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  • Anticlimax: The fact that they dramatically-built-up North re-uniting with his parents before he is sent to an orphanage, and then had Winchell's henchman shoot at him could have made for an acceptable One-Scene Wonder moment if Winchell somehow lost. Alas, all it does is deprive the film of any fridge brilliance recognition of it being All Just a Dream and instead replaces it with a big cop-out that nullifies the whole plot and drama of the film, rendering the already tonally befuddled film little more than a waste of time for anyone unfortunate enough to have seen it.
  • Audience-Alienating Premise: It's supposed to be a kids' movie with some parental bonuses in there, but the "child-friendly" scenes are too childish for adults and the "adult jokes" are too raunchy for kids... and that's not even getting into the stereotypes. In short, no member of the target audience is pleased.
  • Awesome Music: The opening title theme is worthy of note, actually proving to be a very whimsical, inviting tune. And then the movie itself starts...
  • Big-Lipped Alligator Moment:
    • The over-the-top musical number sung by Ma and Pa Tex, set to the tune of the Bonanza Title Theme Tune. (Note that Bonanza was set in Nevada, which not only doesn't even border Texas, it doesn't even border a state that borders Texas.)note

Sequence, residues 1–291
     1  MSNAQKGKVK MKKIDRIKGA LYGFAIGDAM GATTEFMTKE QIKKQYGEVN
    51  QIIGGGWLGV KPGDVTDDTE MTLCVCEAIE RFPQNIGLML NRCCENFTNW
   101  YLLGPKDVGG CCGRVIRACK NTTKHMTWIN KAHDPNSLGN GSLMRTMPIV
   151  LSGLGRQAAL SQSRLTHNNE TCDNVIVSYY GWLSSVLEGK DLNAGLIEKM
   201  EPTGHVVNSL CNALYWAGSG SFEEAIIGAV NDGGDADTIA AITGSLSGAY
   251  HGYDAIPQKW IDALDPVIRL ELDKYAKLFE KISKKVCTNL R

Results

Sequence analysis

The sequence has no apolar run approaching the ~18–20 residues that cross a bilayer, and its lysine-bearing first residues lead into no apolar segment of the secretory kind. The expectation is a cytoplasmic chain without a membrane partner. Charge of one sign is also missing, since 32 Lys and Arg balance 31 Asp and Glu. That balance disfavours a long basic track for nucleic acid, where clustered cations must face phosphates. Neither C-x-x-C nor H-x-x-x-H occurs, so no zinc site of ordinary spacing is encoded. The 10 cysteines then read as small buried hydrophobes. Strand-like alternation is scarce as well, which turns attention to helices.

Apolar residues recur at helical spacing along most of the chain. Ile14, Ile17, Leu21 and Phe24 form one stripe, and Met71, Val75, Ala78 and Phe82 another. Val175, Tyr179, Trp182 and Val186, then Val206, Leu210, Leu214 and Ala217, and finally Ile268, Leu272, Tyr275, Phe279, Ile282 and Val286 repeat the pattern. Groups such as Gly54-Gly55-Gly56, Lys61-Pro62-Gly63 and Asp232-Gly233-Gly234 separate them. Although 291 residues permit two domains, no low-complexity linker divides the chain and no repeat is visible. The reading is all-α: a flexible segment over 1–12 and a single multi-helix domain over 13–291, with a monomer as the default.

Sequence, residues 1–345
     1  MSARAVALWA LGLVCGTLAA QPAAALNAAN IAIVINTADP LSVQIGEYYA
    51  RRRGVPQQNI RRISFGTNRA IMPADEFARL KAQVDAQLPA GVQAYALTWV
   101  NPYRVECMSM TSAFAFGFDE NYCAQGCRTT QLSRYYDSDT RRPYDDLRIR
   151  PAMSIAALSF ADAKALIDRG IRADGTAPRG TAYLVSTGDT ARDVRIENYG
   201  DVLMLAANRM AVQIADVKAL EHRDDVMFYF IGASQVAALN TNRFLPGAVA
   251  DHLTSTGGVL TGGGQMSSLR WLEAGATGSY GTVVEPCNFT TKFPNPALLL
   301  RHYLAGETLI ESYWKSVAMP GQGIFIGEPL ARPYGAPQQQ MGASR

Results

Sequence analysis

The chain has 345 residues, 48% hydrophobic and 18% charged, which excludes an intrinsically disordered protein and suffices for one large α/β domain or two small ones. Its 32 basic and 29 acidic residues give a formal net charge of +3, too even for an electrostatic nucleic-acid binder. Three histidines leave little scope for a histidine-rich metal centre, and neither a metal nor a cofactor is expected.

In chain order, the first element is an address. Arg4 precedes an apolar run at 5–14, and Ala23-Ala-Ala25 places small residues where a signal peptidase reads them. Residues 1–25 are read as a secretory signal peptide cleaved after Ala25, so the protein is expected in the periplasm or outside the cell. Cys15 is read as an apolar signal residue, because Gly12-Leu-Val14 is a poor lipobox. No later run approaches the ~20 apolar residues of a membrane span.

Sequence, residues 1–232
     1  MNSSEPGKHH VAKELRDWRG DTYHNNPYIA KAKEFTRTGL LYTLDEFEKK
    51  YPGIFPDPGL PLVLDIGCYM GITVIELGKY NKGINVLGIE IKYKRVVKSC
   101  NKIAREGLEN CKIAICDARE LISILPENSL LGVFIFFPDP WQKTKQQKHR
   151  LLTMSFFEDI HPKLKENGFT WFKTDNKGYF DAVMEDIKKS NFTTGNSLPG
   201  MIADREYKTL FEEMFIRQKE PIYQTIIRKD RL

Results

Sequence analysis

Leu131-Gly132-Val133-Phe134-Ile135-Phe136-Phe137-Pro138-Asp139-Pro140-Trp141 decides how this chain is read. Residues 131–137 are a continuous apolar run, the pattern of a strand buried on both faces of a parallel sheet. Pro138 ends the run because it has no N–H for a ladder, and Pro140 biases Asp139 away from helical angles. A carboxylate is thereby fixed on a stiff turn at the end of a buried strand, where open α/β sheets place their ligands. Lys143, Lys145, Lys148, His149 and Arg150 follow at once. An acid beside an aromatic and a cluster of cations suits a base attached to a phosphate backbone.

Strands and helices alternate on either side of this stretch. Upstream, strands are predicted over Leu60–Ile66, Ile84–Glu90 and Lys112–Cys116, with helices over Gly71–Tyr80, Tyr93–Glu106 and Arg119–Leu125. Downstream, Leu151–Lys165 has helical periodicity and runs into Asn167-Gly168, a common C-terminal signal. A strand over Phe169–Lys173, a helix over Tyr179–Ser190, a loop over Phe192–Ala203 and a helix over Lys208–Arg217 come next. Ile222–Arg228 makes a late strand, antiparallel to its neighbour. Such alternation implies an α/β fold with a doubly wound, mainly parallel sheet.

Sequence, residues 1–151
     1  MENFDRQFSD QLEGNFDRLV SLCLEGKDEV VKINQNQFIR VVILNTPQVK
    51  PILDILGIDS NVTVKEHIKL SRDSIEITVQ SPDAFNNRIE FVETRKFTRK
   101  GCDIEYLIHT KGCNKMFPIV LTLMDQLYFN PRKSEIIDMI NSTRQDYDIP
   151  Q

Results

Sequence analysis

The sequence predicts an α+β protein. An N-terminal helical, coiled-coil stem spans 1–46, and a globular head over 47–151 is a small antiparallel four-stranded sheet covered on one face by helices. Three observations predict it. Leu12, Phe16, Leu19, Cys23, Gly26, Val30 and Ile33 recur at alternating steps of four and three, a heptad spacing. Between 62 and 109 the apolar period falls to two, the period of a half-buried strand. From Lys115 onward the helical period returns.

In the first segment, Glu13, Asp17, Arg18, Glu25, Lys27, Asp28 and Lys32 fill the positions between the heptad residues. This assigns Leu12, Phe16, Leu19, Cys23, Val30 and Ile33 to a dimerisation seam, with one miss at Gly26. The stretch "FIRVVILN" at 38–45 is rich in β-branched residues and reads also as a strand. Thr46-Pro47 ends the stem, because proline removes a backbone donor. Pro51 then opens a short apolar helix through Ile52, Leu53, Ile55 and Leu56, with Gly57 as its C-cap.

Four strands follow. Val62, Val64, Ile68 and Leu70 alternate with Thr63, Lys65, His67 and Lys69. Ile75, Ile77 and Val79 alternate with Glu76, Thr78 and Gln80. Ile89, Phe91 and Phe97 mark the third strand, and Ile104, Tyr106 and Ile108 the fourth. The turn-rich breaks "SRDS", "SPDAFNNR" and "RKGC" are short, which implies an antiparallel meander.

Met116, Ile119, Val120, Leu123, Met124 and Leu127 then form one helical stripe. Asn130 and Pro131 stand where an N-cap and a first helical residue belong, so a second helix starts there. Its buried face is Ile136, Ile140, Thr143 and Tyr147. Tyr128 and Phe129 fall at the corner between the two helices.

• As North's plane lands in Alaska, it slowly drops its speed as it gets closer and closer to the airport building, finally lightly bumping off the window. Cut to the next scene.
    • The Eskimo family starts whistling the theme to The Andy Griffith Show — the entire theme — for the sole, flimsy sight gag that Andy and his son Opie would be shown fishing to this song over the opening credits. However, there's Fridge Brilliance in that scene: the song's official title is "The Fishin' Hole".
    • In the offices of the pants factory, there are men engaging things such as golfing, dancing, chopping down trees, and saying prayers set against suitable backdrops. The joke is apparently that they're testing how their pants hold up during these activities, but it is so out of left field, and passes by so fast that the "joke" is easily missed. Possibly a case of Fridge Brilliance since this is all a dream, perhaps that's what North (or at least some part of his subconscious) thinks working at a pants factory somehow entails., then there's his dad's method of CPR...
  • Bile Fascination: As put by Nathan Rabin, "Ebert went into North expecting another winner from a talented filmmaker on a hot streak. I went in expecting one of the worst films ever made." In short, the ruined reputation means new viewers are only in to see if the movie is as bad as they say (particularly regarding the culturally-insensitive jokes).
  • Designated Hero: We're supposed to sympathize with North's quest for better parents as he apparently feels both unappreciated and neglected; the fact that this is barely showcased in any meaningful manner or that he is the one actively dreaming up the many ethnic stereotypes seen throughout his fantastical journey leaves many to wonder whether our hero is simply racist and too full of himself to recognize what he has.